Producer Stephen Street talks Blur
Stephen Street produced some of Blur‘s best and best-known albums including Parklife, The Great Escape and Blur. Here in a new interview he discusses each album in turn and his work on the new box set Blur 21: The Box.
SuperDeluxeEdition: For the new reissues and the Blur 21 box, you were involved in the remastering of the Blur albums you worked on originally. How was the process of listening back to that material?
Stephen Street: It was a wonderful experience to be able to go back into Abbey Road and dig out the 1/2 inch mix tapes. I haven’t physically seen those boxes since we did them. Originally, I think EMI were planning to use the production EQ masters – basically digital copies of those albums as they were done back in the 90s – but I was very keen to go right back to the original masters and start from there, and they agreed. It was great to hear those tapes again to be honest. What happened was we compared the 1/2 inch masters with the CDs that are out now [ie before the reissues and box set] and there was so much more stereo width and bottom end from the masters. I think back in the ’80s and ’90s for some reason engineers were rolling off the bottom end of things, it might be because they were cutting to vinyl where you sometimes have to limit the bottom end if the album is quite long, but anyway, it was good to hear the original 1/2 mixes and they did sound really fine, and in fact I think there was less EQ put on them this time around. It brought back a lot of memories, because obviously there was a lot of music to listen to, and one doesn’t normally spend all of one’s time listening to records you’ve made in the past!
SDE: Were the tapes in reasonable condition?
SS: We had to bake them. So it was a good job we were doing this at this point, because I think the tapes were getting a bit sticky. What happens is the solution that goes into the chemical make up of tape itself starts to break down and goes sticky and as it goes through the machine it starts to ‘stick and flip’ – you get this warbling effect, so they had to be baked and fortunately we were able to play everything through okay.
SDE: Did you work on all the additional bonus material?
SS: I was only involved in the stuff that I worked on, like the B-sides and things that were worked on roughly around the same time as the album. As far as the demos and the early outtakes go, I think that was more from Graham’s archive. I gather there were a few things that were transferred from cassette even. I wasn’t too involved with that, but all the wonderful tracks that were recorded that didn’t make the album and were often B-sides, it was great to hear those again. Back in the day, in the ’90s, when there was a single coming out you had CD1, CD2, the seven-inch and the twelve-inch, so you had all these B-sides [that needed to be recorded].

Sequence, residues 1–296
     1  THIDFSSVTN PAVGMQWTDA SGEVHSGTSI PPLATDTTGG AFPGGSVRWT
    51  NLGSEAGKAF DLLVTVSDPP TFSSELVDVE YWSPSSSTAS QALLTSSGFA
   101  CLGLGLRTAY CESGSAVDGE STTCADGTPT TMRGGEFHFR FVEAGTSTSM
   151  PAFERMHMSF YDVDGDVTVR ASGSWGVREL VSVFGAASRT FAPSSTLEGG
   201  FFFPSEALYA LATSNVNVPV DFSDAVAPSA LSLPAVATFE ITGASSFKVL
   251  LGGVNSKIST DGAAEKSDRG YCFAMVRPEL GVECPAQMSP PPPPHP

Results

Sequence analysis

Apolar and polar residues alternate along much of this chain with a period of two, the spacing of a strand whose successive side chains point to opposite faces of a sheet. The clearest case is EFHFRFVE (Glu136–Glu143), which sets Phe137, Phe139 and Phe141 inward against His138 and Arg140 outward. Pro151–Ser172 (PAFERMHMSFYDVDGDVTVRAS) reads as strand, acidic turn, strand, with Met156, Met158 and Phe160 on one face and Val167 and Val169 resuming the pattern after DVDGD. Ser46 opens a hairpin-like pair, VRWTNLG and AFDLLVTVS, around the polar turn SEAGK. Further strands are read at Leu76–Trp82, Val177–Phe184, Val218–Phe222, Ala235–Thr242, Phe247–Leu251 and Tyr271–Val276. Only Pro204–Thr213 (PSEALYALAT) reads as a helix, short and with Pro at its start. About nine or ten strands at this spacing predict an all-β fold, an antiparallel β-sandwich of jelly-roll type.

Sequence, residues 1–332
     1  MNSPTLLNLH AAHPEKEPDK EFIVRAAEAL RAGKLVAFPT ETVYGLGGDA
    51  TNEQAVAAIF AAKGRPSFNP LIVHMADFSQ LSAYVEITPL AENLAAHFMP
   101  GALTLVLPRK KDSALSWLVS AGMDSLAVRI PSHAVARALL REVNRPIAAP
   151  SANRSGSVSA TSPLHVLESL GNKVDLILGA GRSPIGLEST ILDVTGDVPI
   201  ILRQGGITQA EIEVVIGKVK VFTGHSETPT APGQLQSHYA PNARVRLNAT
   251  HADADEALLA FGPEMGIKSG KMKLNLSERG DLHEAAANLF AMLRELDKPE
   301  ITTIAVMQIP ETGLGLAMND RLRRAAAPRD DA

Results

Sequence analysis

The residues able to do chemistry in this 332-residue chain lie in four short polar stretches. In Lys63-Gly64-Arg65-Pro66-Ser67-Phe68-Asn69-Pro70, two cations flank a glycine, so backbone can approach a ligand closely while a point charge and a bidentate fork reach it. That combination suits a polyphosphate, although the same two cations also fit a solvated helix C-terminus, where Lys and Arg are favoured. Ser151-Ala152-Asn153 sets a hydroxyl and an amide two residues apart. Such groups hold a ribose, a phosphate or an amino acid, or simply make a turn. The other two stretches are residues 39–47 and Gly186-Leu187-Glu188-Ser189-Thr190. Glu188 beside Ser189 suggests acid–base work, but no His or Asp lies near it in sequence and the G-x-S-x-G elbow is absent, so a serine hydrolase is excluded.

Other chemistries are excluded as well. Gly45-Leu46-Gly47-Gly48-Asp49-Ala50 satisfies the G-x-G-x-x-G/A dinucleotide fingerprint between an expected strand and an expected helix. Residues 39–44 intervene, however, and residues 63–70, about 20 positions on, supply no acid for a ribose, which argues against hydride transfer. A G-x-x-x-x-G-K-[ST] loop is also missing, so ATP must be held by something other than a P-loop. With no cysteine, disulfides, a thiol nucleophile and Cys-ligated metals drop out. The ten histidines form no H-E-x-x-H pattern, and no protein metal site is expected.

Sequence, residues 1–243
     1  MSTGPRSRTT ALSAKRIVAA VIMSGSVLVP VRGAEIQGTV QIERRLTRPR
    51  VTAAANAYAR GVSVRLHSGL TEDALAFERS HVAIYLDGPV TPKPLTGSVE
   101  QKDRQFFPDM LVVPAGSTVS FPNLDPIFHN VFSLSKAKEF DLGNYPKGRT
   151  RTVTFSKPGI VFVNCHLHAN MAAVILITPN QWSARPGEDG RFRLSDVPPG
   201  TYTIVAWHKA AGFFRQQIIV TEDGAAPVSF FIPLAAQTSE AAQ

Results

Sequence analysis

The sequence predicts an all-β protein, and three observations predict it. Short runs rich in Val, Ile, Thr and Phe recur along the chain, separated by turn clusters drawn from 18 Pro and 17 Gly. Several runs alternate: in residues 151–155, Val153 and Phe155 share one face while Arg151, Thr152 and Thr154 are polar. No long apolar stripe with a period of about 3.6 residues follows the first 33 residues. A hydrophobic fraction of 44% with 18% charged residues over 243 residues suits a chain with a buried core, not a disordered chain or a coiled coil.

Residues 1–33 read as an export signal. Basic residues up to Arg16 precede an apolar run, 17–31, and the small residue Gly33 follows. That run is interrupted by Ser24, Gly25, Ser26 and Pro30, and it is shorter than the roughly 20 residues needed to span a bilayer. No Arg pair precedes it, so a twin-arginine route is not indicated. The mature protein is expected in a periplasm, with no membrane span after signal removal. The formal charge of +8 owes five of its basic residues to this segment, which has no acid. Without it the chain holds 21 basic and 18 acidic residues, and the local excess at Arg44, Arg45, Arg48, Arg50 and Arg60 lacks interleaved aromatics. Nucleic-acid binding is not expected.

SDE: Going right back to the beginning then with the first album, what were your first impressions of the band and what attracted you to trying to get together with them?
SS: I was a big fan of their first single She’s So High and I just had a convenient link to their record label through my manager who was managing Jesus Jones, who at that time were bigger than Blur and were doing quite well. So I knew Gail [Gail Coulson, Street’s manager] was talking to Balfe [Dave Balfe, Food Records MD] quite regularly and I said to her one day that the next time you’re talking to him could you mention that I like the band, and if by any chance they are looking for a producer, I’d be very interested. She passed on that message and initially Food records came back to me and said thank you, but no thanks, we’re going to stick with the people who did the first single, Steve Powell I think it was, so I just thought, oh well that’s an opportunity gone. But what happened then was they started recording the next single and it didn’t quite work out either to the band’s or record company’s full satisfaction, so Balfe got in touch, and by this stage the band had heard that I’d said I’d be interested in working with them – and they were Smiths fans and were keen to meet me too – so we had a meeting and agreed to do a test session of two songs, one of which was There’s No Other Way. I went off somewhere for a couple of months and when I got back to England There’s No Other Way was in the chart and it was flying high and everyone was getting quite excited. I was then given some more tracks to do on the Leisure album – I think I did about a third, or thereabouts – and that was the start of a long and fruitful relationship. Although I nearly didn’t get the second album…